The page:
Things are Looking Up

Reflections on locative media's ability to see a city anew...

Its amazing how you can think you know a city and yet miss so much of the finer detail.

Thanks to Jeremy Routledge (The Future Cemetery) for pointing me towards Kelly Anderson's Brooklyn: The Game project - nice video by the Bay Area Video Coalition:

Intersesting use of game mechanism to raise public awareness about social and planning issues. I particularly like the bit about "people physically walking around a space and being able to look up and get information about a building" (5'30").  I've been having the same thought about the locatedness of the Cinemapping layer: for example, The Cabot Cafe at bottom of Park Street was built by Jame Henry LaTrobe and Thomas Henry Weston in 1904, the same artchitects that built the Whiteladies Picture House and I only know this by trawling the internet in my hunt for information about the cinema.  I was born in Bristol and lived here most of my life and I have never, ever noticed this beautiful Art Nouveau Grade II Listed building before.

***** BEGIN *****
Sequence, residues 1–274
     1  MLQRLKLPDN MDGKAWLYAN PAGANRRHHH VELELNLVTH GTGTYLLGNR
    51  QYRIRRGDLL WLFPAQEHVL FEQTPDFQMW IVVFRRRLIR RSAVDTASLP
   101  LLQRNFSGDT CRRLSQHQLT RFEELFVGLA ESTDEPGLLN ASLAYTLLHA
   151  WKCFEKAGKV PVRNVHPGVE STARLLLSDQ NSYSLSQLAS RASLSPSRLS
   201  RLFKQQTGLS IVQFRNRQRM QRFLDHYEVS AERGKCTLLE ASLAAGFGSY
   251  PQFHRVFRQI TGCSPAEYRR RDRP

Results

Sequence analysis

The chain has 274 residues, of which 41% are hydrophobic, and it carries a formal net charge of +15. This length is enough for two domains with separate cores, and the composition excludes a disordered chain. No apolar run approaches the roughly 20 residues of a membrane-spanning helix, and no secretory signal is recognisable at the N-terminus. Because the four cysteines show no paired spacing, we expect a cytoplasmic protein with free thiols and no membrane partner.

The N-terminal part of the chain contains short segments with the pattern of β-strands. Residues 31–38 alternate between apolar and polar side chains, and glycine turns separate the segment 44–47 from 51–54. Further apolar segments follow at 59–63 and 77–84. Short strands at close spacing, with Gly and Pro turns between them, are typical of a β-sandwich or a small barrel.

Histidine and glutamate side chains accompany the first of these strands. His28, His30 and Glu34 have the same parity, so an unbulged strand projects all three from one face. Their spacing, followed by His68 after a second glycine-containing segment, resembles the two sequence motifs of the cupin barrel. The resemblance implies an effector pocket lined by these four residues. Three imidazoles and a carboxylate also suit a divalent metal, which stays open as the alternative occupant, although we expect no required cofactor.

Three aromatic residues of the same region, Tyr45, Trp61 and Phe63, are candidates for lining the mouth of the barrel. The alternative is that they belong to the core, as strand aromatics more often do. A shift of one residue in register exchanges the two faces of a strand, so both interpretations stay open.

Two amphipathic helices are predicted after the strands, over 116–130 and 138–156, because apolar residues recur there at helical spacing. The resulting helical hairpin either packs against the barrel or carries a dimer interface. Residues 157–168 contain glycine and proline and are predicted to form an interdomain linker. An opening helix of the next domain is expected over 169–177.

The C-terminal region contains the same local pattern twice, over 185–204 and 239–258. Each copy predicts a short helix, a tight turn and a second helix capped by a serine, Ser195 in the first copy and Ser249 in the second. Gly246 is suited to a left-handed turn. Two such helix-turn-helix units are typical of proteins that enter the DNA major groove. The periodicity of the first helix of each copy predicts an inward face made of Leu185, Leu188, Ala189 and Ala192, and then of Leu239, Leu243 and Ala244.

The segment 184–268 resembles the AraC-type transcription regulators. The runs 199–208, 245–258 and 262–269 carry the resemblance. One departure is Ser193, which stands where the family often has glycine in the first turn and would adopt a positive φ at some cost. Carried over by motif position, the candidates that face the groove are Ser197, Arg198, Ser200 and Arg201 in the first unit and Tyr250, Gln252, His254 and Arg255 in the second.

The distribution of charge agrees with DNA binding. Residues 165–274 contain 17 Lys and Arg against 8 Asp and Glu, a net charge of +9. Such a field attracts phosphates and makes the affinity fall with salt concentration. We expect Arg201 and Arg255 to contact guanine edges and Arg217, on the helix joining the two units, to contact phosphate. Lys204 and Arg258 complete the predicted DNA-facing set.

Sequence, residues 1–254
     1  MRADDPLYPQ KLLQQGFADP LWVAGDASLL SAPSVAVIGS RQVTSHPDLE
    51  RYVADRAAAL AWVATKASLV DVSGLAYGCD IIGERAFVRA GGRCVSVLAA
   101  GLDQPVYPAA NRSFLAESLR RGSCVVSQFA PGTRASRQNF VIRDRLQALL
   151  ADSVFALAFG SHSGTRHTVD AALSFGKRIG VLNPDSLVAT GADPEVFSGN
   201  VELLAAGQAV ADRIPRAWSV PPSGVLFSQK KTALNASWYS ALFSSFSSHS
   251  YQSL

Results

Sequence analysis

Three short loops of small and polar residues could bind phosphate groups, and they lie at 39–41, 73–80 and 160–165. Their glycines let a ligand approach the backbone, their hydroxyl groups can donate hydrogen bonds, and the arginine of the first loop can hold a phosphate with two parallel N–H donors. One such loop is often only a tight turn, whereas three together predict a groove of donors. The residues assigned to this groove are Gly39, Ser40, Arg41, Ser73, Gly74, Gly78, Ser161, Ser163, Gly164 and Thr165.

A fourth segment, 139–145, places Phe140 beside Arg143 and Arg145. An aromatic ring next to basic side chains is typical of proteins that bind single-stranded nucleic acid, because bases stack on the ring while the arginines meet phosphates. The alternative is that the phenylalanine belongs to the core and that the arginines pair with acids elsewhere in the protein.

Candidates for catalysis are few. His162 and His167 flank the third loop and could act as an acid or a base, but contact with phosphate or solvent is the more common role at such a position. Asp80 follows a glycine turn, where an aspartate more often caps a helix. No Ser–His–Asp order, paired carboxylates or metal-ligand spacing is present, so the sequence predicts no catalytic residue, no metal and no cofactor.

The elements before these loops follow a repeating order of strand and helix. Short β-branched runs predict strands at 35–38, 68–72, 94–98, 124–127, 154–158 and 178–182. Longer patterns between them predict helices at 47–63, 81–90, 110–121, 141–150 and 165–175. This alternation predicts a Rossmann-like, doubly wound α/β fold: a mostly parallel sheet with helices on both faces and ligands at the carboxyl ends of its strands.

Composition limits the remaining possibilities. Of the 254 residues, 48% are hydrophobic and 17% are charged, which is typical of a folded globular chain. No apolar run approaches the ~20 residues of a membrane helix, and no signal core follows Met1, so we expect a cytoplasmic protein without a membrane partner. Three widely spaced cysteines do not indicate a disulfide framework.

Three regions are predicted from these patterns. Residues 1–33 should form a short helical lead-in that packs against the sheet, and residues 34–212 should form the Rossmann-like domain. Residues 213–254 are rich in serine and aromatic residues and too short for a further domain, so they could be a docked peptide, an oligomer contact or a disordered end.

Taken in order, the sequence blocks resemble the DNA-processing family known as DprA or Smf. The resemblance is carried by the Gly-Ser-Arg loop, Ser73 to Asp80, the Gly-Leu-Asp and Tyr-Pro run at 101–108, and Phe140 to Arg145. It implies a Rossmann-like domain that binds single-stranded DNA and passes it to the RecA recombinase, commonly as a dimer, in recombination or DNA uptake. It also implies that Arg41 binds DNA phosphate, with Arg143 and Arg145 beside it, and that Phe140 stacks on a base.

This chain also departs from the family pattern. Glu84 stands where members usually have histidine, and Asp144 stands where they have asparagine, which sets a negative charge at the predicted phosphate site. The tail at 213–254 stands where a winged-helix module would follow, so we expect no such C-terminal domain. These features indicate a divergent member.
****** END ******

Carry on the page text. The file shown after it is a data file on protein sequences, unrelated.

Cabot Cafe, Bristol, Now The Job Shop

Cabot Cafe, No. 38 College Green, now owned by Bristol City Council and operating as The Job Shop. http://commons.wikimedia.org/wiki/File%3AArts_and_Crafts_design_in_Colle...

Not a cinema, but an interesting architectural connection nevertheless.  Here's what it looked like in its hey day:

College Green c1930

College Green, Bristol, c1930. Image: http://www.flickr.com/photos/brizzlebornandbred/5356583489/sizes/o/in/ph...

Wouldn't it be lovely to walk around the city and be notified of a point of interest such as this?  Creative Enconomy partner Jo Reid (Calvium) has suggested using Apple's push notification which can now work even if the app is turned off. Maybe Pearl and Dean's 'Asteroid' theme tune could alert you to a nearby cinema....?

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